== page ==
Thursday, 1 May 2014

Play Plans

In our classroom we value PLAY! We call it "Thinking and Learning" time because that is what we're doing while we play.

Check out a fantastic blog post on play by Krissy Venosdale here
Lately I have been noticing that the children in our class have been more unfocused during their play and there has been more and more conflict between students. Luckily, I have a great community of educators on Twitter and I was able to learn of some kindergarten teachers who are using "play plans" to help students become more thoughtful about their play.

Here's the link to the discussion:

The point of the play plans is for students to make a plan about what they would like to do/learn/build/create, where they would like to play, and who they would like to participate with them.

My hope is that my students will become more purposeful in their play, stay longer in each experience, and take responsibility for cleaning up their own materials.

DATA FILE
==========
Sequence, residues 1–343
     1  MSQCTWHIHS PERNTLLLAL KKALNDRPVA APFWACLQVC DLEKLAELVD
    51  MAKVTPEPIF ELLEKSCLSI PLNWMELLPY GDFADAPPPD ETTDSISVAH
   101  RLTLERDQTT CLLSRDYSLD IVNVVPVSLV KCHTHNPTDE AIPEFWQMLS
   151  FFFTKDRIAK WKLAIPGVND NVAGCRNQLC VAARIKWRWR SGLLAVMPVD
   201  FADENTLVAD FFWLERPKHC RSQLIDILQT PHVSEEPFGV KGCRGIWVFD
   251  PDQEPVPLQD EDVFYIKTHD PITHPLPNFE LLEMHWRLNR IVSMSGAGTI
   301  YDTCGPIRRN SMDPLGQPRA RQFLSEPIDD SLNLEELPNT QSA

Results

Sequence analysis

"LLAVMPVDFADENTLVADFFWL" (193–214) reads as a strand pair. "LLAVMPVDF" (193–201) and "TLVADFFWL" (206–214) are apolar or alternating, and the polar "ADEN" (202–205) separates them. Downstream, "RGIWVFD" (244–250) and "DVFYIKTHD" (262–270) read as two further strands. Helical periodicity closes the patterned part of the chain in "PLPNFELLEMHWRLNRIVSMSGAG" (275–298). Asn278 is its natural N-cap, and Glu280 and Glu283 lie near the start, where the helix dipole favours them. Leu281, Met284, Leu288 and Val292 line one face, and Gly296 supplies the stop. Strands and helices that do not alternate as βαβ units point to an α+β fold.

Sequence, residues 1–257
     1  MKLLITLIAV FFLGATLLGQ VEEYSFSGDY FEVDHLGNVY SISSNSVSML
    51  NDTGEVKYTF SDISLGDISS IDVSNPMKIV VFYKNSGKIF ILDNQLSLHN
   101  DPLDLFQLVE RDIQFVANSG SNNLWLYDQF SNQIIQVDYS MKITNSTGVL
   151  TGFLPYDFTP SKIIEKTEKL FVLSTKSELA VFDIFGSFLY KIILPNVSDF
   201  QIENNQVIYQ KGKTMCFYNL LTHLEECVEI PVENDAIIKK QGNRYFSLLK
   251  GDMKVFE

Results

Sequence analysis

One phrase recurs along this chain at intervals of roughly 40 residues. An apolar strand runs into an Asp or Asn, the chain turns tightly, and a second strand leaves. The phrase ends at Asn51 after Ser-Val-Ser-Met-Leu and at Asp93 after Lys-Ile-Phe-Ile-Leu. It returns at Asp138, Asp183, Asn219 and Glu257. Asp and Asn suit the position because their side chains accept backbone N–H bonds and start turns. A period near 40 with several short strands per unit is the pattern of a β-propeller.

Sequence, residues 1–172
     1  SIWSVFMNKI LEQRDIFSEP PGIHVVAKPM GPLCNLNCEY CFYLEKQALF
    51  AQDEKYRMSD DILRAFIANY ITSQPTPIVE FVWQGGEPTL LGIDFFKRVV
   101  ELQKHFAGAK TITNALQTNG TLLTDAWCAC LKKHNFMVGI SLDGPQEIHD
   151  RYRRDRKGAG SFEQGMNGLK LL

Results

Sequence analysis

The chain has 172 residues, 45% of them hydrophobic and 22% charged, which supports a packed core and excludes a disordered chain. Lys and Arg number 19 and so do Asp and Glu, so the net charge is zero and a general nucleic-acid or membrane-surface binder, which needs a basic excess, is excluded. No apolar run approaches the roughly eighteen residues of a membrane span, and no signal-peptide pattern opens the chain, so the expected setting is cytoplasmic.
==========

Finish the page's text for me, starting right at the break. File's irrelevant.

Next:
When we started our plans, we began by sharing them orally. Now we are beginning to write or draw our plans independently. When students would like to move on to a new activity, they write a new play plan.

Already I have noticed that our room is more calm, students are more engaged in thinking and learning, there is less conflict, and the clean up time is faster. The students have been excited about writing their plans and then setting out to do what they have planned.

Another benefit of the play plans is that the students can bring them home and share them with you!

Here's what some of the students have to say about Play Plans:

Play plans help us to stay in one place so we don't go place to place. - Leah 
Play plans help us to remember to clean up when we are done. - Gabriel 
You have to sign up before you play. -Ken 

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